The role of community resilience at a collective scale in managing flooding and coastal erosion risk.

Lead Research Organisation: University of Exeter
Department Name: Geography

Abstract

Governments everywhere are seeking to minimise risk to communities as climate related catastrophes increase in the future. But physical infrastructure does not reduce all risk and eliminate vulnerability. Community resilience plays a significant role (Berkes and Ross, 2013). Resilience is critically important to the sustainability of communities (Magis, 2010). Community resilience at its core is the ability of a community to bounce back, although not necessarily to pre-disaster state. This idea of communities working together is not new, but it has not yet been recognised fully as a critical component within resilience research or hazard management (Aldrich and Meyer, 2015). Measuring resilience is important to inform and improve policy (Magis, 2010). However, there isn't an agreed way of measuring community resilience and more research is needed into the potential indicators, which the proposed research will help address. In my present role in the Environment Agency, I recognise the tendency of policy makers to focus on what individuals can do rather than the community and research also has tended to be focused at the individual-level. For novelty, my research will be conducted at the collective-level.

Impacts from flooding and coastal change are principal risks for the UK and both will increase in the future. Without measures to adapt, the economic cost and the number of people affected will significantly increase (Kovats et al, 2014). Flooding and coastal change often need to be managed independently (Dawson et al, 2009) and the proposed research will consider both. Coastal erosion can result in permanent loss and sacrifice whereas flooding is more likely to be a temporary loss that requires learning to live with risk. The research will focus on community members because flood and coastal policy relying solely on expert knowledge is often limited and is more effective when involving local people.

Objectives:

1 To bring new insights to community resilience from the fields of human geography and social psychology and apply them to dealing with long term risks in the environment.

2 To analyse how specific resilience concepts at a community level contribute to overall resilience.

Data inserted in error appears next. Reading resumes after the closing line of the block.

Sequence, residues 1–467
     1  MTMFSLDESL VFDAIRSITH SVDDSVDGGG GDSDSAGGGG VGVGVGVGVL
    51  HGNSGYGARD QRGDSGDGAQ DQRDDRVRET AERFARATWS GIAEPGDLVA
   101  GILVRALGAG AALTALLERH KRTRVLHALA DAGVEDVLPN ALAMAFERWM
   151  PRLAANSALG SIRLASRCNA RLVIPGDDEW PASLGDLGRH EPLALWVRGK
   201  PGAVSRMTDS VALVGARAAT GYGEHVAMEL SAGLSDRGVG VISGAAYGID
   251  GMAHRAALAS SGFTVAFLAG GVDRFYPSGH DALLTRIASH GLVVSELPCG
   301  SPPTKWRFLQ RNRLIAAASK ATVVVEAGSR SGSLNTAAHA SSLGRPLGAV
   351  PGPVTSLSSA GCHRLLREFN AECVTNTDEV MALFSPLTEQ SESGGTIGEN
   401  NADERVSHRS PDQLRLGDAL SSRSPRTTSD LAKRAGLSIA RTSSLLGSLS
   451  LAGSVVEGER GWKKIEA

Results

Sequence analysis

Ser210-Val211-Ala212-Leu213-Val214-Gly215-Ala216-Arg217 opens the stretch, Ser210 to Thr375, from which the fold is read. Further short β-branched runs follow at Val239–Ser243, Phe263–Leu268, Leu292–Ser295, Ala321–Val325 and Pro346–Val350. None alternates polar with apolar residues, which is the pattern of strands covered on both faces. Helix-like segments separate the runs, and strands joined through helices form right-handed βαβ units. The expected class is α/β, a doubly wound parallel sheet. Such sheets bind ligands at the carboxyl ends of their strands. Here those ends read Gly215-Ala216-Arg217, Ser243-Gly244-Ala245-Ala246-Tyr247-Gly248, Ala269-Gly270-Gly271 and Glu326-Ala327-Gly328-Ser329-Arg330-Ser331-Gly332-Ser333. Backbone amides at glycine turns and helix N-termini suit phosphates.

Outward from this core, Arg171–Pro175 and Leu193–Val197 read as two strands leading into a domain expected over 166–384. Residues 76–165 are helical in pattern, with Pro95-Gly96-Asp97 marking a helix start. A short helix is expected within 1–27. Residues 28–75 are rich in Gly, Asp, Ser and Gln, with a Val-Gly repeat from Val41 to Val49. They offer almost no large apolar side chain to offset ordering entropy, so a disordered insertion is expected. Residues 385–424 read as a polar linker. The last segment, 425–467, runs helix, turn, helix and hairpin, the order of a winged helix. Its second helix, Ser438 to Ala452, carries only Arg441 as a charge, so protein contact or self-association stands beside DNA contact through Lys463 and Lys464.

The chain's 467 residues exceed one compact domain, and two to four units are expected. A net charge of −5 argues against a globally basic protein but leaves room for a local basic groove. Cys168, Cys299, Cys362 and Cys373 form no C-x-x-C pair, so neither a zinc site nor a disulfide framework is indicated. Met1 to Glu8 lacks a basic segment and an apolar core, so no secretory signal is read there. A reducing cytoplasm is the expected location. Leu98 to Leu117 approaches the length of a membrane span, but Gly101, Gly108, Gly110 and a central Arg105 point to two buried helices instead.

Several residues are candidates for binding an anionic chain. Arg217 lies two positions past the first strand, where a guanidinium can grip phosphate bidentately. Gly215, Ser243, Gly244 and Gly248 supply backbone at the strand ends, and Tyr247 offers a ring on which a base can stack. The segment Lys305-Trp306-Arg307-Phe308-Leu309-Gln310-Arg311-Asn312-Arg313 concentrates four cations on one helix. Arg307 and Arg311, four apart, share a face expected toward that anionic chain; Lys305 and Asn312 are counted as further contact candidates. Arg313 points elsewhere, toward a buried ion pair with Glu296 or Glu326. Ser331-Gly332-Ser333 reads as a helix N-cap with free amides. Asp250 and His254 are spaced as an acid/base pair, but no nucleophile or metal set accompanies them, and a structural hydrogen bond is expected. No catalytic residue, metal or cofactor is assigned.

3 To analyse how specific variables, such as type of risk and demographic factors (e.g. age), within a community affect the ability of communities to act together in the face of flood and coastal erosion risk.

4 To apply observational methods and research techniques to flood and coastal erosion risk in different community contexts.

Proposed design
The proposed mixed methods research will explore whether concepts of community resilience previously are more or less prevalent at the collective-level depending on the type of risk and social-demographics communities. First, I will survey a representative sample of community members by targeting at risk properties (using Environment Agency, 2020) to provide a social demographic profile and qualitative data about community resilience attitudes. I will use an existing ESRC dataset to inform the survey questions: the Social Networks survey (UK n=1595). I will initially test my hypotheses using the Winter Floods 2013/14, an ESRC-funded dataset which explored community resilience.

I will then conduct interviews with community members using Q method which requires respondents to rank statements to determine their perspectives on a topic. A second phase will use photo-method data during which participants will take photos to illustrate what community resilience means and how this relates to flooding or coastal erosion. Participants will discuss their photos during an in-depth interview which will be transcribed and analysed thematically for comparison. The data collected will be compared with policy approaches taken by the Environment Agency, Government and others to determine whether there is gap between strategic direction and local perspective.

Publications

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Studentship Projects

Project Reference Relationship Related To Start End Student Name
ES/P000630/1 01/10/2017 30/09/2027
2399579 Studentship ES/P000630/1 01/10/2020 30/09/2024 Hannah Hayes